Pampered Cabinet is a grotesque spectacle

The spectacle of our lavishly rewarded Government taking the 'tough' decisions to reduce the living standards of the less well off is a grotesque one. By Vincent Browne.

This week and over the next few weeks the prospective €36 million pensioners (Cabinet members) will deliberate on the amount by which the living standards of the populace will be reduced, in particular the living standards, the welfare entitlements and the health and social supports of people living on incomes and supports that are a fraction of ministerial and TD incomes and supports. And then lavishly remunerated Fine Gael and Labour TDs will troop through the lobbies or press the relevant buttons from their Dáil benches to approve uncritically what their betters have decided on to make life more miserable for the unwell remunerated.

Last week’s revelation in the Irish Times that the pension pots of Enda Kenny, Eamon Gilmore, Phil Hogan and Brendan Howlin will all be worth more than €3 million, and that almost all ministers stand to get severance handouts of up to €140,000, with an income from their pensions of more than €80,000, and that these (very) fat cats will take “tough” decisions that will devastate the lives of hundreds of thousands of their fellow citizens, makes the spectacle of their doings grotesque. It is made all the more so by their protestations of how difficult it is for them to do the budgetary arithmetic and how they will not “flinch” (as Eamon Gilmore inelegantly puts it) from taking the tough decisions.

The scale of the preferment enjoyed by our rulers is spectacular. TDs are paid €92,672 per year, which is well over twice the average wage in society. Many of the 166 TDs are paid substantially more, bringing their total “take” to a significant multiple of the average wage and a huge multiple of the income of hundreds of thousands of people whose incomes they want to cut and are about to cut.

Enda Kenny is paid €200,000 a year, in contrast to his kissing pal, Angela Merkel, who is paid just €192,000; his new pal, François Hollande, who is paid €180,000; and another pal, David Cameron, who gets about €178,000. As Taoiseach, Enda gets driven around in a top-of-the range State car for free by two gardaí. He has helicopters and a government jet at his disposal and countless other perks.

Eamon Gilmore gets paid more than the president of France and the prime minister of Britain, €184,405. And on top of that there are lavish perks: a top-of-the-range State car driven by two Garda drivers (this in acknowledgment of his exalted status as Tánaiste!), generous expenses, and subsidised or free nosh. The government jet and helicopters are at his disposal, plus hotel accommodation at every stop-off on his regular trips abroad, limousines at airports to hurry him wherever he is going and some flunky to open and close car doors for him lest he be too exhausted from not flinching.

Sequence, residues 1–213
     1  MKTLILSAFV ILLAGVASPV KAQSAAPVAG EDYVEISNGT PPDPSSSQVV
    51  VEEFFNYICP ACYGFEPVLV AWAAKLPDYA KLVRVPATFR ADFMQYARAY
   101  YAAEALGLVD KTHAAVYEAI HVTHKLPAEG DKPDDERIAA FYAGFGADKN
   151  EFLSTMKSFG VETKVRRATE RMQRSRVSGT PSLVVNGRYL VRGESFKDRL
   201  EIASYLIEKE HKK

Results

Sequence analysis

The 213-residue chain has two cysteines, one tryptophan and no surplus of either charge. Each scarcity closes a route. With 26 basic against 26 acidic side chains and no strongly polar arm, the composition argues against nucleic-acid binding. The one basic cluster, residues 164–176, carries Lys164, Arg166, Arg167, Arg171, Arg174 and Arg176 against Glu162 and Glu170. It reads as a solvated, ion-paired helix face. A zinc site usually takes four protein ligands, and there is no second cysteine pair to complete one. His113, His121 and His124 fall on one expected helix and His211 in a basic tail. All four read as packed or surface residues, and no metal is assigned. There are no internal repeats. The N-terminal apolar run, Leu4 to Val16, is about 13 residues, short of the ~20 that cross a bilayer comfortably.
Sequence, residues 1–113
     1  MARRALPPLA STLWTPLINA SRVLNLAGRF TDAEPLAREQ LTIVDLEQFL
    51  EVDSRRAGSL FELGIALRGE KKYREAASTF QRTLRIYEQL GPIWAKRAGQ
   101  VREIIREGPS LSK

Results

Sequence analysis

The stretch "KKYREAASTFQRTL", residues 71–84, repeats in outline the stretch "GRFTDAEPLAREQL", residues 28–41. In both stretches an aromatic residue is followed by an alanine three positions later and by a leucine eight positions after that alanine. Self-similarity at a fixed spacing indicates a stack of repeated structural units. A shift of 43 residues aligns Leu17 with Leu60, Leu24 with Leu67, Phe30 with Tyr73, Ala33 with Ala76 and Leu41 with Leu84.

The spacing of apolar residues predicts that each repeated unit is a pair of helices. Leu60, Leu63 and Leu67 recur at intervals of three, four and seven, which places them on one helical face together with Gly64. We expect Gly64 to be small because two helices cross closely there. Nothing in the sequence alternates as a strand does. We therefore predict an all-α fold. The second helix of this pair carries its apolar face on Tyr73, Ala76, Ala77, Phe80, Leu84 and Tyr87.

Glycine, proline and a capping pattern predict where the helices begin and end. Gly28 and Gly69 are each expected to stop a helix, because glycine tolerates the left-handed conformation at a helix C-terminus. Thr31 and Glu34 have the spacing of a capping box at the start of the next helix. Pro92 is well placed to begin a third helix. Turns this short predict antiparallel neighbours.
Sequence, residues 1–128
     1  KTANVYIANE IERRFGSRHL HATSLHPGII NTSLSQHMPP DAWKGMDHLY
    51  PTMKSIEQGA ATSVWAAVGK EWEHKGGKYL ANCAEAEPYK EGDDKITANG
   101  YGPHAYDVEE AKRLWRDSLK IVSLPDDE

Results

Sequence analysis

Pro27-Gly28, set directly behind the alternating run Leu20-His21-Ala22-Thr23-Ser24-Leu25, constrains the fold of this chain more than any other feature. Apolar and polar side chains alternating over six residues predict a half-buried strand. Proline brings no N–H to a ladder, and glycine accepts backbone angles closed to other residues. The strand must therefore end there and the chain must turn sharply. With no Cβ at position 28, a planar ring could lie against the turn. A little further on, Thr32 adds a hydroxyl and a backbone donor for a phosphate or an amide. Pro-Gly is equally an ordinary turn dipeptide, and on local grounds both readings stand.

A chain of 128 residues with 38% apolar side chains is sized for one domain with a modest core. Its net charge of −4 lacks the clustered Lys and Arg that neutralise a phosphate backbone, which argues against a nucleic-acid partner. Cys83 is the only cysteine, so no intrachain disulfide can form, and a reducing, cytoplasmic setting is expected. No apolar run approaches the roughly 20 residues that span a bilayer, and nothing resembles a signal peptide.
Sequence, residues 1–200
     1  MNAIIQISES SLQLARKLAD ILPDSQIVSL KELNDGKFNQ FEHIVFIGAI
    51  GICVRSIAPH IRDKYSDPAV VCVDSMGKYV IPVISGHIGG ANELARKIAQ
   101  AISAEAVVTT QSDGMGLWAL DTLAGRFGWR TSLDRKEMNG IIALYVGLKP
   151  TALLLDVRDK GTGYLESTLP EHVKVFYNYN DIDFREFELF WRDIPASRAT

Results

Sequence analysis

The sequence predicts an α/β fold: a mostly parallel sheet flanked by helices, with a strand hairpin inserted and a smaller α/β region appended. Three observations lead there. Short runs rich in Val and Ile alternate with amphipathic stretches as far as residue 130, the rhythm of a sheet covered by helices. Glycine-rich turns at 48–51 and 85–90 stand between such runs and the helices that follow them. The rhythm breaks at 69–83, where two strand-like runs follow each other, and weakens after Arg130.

The other 13 Cabinet Ministers get salaries of €169,275 a year, plus expenses, subsidised nosh and, while they have to use their own cars, they get drivers and generous mileage allowances. Even after they are reimbursed for their hotel costs, when abroad, they get an extra €72.66 for subsistence. The Ceann Comhairle gets paid the same and gets many of the same perks, in return for his demanding job – chairing half the Dáil debates.

Ministers of State get €130,042 (two of them get €147,252) and the mileage expenses and drivers. Thirteen other TDs, who are chairpersons of Oireachtas committees, get an extra €9,500 on top of the €92,672. Nine TDs and Senators get the same on top of their salaries for being members of the Oireachtas Commission. Nine TDs get between €3,000 and €19,000 for being whips of their parties.

Then there are those pensions, of course, plus termination allowances; travel and accommodation allowances (between €12,000 and €37,850 a year, depending on the distance of their homes from Leinster House; but even if they were living across the road from Leinster House there would be an allowance of €12,000); additional or alternative mileage allowances graduated upwards according to the plushness of their cars; free access to a gym; free parking in a central Dublin location – and that is for life; a subsidised bar; free postage; free ink toners for their printers; free phone calls; free smartphones every year and a half; free VHI membership; free language lessons; up to €41,092 for secretarial assistance; and €8,000 to kit out a constituency office. All this to help them overcome the trauma of ruining the lives of people paid fractions of their “take”.

Well done! It is not that the political system should not be well funded – indeed, it needs to be better funded. But, more importantly, it needs to be changed drastically to give TDs and Senators meaningful roles. At present the primary function of government backbench TDs is to endorse unquestioningly the decisions taken by others (cabinet members) and to avoid any embarrassment whatever to their parties, never holding the government of the day to account in any respect. The absence of accountability is the primary defect of our system and it is the one feature of the system that all the major parties are determined not to change.

Meanwhile, the gravy train rolls on.

Image top: Images_of_Money.